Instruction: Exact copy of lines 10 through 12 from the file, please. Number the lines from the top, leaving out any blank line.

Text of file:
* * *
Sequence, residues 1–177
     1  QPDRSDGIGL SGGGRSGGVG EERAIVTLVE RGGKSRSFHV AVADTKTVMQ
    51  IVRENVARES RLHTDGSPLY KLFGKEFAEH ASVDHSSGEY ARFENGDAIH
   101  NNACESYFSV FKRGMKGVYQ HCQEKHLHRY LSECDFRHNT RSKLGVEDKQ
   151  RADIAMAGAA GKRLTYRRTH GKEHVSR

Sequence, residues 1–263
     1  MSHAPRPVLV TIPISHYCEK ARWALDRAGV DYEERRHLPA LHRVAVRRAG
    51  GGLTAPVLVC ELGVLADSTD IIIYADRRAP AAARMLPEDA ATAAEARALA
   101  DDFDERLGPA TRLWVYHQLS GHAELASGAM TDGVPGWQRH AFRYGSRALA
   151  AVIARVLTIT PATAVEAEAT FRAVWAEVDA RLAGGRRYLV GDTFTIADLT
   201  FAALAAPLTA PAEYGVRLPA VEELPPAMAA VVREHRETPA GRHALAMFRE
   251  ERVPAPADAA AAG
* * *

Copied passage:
   151  AVIARVLTIT PATAVEAEAT FRAVWAEVDA RLAGGRRYLV GDTFTIADLT
   201  FAALAAPLTA PAEYGVRLPA VEELPPAMAA VVREHRETPA GRHALAMFRE
   251  ERVPAPADAA AAG